Improving Understanding of Forest and Carbon Dynamics
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The community's ability to understand and predict changes in forests and their feedbacks to the global carbon cycle increasingly relies on models spanning several scales of biological organization – from tree leaves to entire forested landscapes. Yet many model assumptions about key processes – such as tree growth and mortality – require long-term data that are sometimes difficult and time-consuming to get. Dr. Nathan Stephenson partners with multiple Federal and state agencies, universities, and non-profit organizations to provide this information to scientists and the public.
Given the great longevity of trees, many key questions can only be answered by research that spans decades. Established in 1982, USGS’s globally unique network of forest research plots in California’s Sierra Nevada is the source of the world’s longest annual-resolution forest dynamics data (>30,000 trees, and >500,000 tree-years of unbroken data), providing unique insights into the inner workings of forests.
We put a great deal of energy into improving our basic mechanistic understanding of how forests work. We often use comparative forest studies along environmental gradients (variation in space) to inform us about the potential effects of environmental changes through time.
Examples of the kinds of questions we address include: What are the interactions between internal (e.g. competition between trees) and external (e.g. climatic variability) drivers of forest change? How do short- and long-term fluctuations in water balance affect tree recruitment, growth, and mortality? What is the relative importance of biological (e.g. insects) and non-biological (e.g. wildfire) causes of tree mortality? Do answers to these questions differ between energy-limited and water-limited forests, among different taxonomic groups, and along global environmental gradients? What are the drivers of broad-scale geographic patterns in forest dynamics? What are the implications for the terrestrial carbon cycle?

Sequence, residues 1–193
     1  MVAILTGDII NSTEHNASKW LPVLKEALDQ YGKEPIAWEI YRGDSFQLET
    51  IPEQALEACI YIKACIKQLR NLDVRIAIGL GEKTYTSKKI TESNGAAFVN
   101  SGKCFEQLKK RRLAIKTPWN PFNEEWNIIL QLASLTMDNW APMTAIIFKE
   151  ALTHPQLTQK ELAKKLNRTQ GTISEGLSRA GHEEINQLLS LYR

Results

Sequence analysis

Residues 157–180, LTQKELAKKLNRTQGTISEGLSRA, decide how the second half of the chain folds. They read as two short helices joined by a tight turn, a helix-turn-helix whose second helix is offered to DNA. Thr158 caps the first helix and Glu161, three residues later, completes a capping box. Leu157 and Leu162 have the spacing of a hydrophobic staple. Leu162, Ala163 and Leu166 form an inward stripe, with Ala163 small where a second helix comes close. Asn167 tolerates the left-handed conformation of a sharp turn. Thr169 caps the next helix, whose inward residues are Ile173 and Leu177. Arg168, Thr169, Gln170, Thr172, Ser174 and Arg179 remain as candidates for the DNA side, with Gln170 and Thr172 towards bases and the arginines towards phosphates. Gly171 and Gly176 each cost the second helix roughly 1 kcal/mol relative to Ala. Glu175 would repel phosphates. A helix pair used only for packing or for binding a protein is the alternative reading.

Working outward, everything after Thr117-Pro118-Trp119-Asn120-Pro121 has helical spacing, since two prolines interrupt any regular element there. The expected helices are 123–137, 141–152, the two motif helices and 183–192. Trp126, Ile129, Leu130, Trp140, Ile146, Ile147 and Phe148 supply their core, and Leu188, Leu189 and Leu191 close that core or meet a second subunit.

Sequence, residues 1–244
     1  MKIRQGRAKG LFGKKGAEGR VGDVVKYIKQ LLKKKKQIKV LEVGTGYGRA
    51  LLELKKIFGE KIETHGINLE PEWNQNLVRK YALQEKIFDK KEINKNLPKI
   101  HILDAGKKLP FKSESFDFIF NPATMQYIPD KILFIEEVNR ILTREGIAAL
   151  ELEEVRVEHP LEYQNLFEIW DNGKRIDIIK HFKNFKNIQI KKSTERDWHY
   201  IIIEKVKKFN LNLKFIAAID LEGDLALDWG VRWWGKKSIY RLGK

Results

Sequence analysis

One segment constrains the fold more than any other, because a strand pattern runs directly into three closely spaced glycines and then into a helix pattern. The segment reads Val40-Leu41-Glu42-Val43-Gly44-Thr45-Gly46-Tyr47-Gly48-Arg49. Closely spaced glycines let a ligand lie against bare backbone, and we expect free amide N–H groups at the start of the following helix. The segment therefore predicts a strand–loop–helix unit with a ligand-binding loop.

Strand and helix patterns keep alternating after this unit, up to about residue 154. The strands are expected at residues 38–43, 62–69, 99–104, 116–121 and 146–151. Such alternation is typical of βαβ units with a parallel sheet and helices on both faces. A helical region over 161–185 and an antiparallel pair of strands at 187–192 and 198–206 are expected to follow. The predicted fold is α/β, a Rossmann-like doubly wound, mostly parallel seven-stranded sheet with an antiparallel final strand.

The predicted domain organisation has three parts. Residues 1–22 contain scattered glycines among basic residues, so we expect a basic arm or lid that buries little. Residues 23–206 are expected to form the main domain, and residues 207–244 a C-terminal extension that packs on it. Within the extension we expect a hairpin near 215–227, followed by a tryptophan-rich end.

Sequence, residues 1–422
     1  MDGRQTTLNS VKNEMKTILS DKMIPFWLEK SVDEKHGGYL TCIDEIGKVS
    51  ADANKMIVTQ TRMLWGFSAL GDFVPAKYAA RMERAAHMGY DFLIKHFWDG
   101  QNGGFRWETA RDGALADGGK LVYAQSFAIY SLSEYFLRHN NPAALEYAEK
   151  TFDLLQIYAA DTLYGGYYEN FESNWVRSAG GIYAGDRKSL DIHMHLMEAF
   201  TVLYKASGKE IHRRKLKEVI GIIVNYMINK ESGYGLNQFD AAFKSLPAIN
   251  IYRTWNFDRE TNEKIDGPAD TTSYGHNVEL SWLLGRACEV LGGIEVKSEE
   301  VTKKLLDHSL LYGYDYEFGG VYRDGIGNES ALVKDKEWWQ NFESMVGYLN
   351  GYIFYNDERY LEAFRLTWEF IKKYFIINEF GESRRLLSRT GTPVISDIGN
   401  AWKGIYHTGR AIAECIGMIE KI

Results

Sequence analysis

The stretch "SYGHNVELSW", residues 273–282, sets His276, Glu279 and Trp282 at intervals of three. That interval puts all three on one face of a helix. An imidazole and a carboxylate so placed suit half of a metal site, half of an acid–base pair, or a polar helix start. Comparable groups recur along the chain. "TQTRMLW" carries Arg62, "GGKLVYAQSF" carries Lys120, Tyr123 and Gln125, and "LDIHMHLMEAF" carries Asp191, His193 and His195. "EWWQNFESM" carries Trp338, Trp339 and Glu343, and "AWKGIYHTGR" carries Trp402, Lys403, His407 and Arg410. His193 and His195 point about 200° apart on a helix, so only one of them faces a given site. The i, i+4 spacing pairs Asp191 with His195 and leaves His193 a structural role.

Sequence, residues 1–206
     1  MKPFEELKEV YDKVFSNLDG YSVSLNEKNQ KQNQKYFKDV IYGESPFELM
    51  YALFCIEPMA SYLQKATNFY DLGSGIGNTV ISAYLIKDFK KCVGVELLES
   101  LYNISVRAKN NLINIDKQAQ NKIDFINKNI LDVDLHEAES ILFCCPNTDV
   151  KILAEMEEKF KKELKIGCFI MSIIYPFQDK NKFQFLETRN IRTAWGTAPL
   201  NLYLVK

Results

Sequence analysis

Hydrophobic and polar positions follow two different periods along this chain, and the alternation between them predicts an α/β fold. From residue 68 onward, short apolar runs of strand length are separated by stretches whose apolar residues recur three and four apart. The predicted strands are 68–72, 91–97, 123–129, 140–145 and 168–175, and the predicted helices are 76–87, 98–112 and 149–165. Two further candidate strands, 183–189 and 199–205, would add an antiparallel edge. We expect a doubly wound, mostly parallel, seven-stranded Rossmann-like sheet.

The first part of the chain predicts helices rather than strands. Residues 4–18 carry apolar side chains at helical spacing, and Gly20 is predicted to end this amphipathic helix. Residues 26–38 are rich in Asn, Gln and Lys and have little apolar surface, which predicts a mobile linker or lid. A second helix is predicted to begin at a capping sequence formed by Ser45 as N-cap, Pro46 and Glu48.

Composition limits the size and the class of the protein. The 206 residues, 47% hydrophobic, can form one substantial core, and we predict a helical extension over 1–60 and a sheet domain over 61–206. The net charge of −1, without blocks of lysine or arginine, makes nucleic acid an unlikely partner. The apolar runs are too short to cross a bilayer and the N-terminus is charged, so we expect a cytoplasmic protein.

Recently, we collaborated with dozens of scientists from around the world to explore the fundamental nature of tree growth. We found that, contrary to some long-held assumptions, tree mass growth rates – hence rates of carbon gain – of most species increased continuously with tree size. We additionally resolved the apparent paradoxes of individual tree growth increasing with tree size despite declining leaf- and stand-level productivity. Our results resolve conflicting assumptions about the nature of tree growth, inform efforts to model forest carbon dynamics, and have additional implications for theories of resource allocation and plant senescence. Visit the published article in Nature for more information.
We have additionally explored causes and implications of the correlation between forest productivity and tree mortality rates, reaching several key conclusions. (1) Contrary to a pervasive modeling assumption, environmental changes that increase site potential for productivity also increase the probability of tree mortality. (2) Along climatic productivity gradients, rather than high forest productivity causing high tree mortality rates, forest productivity remains high in spite of high mortality rates. (3) The influence of plant enemies (top-down control) and other factors helps explain why forest biomass and carbon sequestration can show little correlation – or even negative correlation – with forest productivity. (4) The growing body of global ecosystem models based on plant functional types must also incorporate environmental effects on the nature and strength of ecological interactions, especially plant enemies.
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